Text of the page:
On July 20, 1969, the United States realized JFK‘s daunting dream of landing a human being on the surface of the moon.
Neil Armstrong would utter the first immortal words on the lunar surface, “That’s one small step for man, one giant leap for mankind.”
Buzz Aldrin became the second human being to set foot on the Moon, following his mission commander, Armstrong.
The Apollo 11 mission blasted off from Kennedy Space Center on July 16, 1969.
The Apollo 11 mission included three men, Armstrong, Aldrin, and Michael Collins. Astronauts Armstrong and Aldrin descended in the Lunar Module “Eagle” to explore the Sea of Tranquility region of the Moon. (Armstrong announced, “The Eagle has landed.”) Astronaut Michael Collins, command module pilot, remained with the Command and Service Modules “Columbia” in lunar orbit.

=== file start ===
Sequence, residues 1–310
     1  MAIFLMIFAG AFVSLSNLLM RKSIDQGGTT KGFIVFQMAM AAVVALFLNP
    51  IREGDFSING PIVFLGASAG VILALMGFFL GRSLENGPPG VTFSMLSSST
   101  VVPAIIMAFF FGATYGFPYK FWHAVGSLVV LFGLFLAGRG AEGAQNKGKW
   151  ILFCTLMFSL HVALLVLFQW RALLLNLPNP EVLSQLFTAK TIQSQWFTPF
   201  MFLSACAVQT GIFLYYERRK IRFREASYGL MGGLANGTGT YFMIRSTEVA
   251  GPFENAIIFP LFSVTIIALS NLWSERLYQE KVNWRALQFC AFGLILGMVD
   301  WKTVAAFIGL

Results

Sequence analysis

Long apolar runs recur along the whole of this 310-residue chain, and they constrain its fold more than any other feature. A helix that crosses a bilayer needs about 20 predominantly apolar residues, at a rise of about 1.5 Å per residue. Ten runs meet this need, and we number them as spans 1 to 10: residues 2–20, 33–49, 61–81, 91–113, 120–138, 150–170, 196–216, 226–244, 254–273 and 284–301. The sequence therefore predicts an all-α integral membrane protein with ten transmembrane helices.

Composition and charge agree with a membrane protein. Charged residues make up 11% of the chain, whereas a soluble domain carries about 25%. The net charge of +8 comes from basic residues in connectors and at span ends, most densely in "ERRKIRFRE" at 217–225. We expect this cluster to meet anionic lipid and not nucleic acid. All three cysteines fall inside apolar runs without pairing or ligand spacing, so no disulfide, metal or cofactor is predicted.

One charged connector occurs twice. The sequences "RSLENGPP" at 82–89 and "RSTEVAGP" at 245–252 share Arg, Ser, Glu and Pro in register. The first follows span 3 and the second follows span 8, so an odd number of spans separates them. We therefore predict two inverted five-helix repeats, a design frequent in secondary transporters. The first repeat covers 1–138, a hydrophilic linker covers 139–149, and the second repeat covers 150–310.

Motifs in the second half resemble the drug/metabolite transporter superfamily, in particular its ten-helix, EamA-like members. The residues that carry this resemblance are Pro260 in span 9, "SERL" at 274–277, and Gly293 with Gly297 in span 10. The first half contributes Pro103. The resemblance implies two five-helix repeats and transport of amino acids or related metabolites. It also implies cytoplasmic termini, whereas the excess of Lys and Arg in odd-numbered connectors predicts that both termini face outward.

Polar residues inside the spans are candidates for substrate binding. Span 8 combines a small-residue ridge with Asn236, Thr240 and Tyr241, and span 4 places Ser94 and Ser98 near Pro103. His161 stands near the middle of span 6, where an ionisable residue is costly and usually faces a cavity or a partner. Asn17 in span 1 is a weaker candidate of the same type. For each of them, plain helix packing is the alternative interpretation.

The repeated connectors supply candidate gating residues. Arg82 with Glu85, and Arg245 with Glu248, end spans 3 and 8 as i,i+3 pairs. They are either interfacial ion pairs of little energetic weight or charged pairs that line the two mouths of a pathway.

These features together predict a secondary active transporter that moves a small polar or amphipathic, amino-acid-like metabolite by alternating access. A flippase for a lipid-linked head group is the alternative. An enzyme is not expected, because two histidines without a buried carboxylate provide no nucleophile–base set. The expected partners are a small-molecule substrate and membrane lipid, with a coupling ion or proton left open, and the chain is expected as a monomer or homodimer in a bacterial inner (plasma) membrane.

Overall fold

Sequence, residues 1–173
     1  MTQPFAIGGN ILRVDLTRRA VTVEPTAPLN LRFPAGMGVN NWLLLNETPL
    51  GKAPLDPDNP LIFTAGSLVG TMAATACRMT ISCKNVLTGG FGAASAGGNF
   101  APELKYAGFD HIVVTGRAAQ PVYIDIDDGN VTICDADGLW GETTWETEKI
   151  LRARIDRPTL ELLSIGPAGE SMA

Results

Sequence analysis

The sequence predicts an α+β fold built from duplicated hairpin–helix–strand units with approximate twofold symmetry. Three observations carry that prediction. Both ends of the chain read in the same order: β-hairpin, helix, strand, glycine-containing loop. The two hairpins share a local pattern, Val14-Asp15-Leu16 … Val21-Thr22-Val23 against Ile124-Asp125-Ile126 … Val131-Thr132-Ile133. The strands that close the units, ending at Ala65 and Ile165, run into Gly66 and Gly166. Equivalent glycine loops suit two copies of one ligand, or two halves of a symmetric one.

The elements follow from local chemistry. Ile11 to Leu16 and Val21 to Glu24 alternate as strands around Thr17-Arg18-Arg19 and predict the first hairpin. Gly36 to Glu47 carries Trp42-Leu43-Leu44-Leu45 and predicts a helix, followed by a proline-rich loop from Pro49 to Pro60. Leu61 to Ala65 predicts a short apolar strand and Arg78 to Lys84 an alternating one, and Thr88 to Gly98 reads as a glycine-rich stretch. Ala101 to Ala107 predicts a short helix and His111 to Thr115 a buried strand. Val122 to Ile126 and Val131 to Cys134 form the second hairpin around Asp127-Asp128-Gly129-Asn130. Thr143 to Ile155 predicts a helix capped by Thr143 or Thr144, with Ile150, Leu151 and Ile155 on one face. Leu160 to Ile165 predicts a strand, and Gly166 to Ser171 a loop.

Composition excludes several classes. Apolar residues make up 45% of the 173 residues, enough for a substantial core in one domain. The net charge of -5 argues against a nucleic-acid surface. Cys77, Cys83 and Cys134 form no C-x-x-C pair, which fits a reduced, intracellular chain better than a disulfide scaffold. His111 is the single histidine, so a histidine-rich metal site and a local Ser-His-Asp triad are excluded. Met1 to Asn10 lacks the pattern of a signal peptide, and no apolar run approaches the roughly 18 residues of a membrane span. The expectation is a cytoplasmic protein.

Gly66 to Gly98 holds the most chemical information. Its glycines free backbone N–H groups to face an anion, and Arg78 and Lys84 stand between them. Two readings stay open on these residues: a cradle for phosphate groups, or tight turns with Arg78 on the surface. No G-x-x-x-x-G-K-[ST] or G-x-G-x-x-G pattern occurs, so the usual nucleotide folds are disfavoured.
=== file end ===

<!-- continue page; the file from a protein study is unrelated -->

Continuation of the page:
President John F. Kennedy is credited with inspiring Americans to win the space race to be the first humans to step on the moon. In a September 12, 1962 speech at Rice University, he famously said:
We choose to go to the moon. We choose to go to the moon in this decade and do the other things, not because they are easy, but because they are hard, because that goal will serve to organize and measure the best of our energies and skills, because that challenge is one that we are willing to accept, one we are unwilling to postpone, and one which we intend to win, and the others, too.
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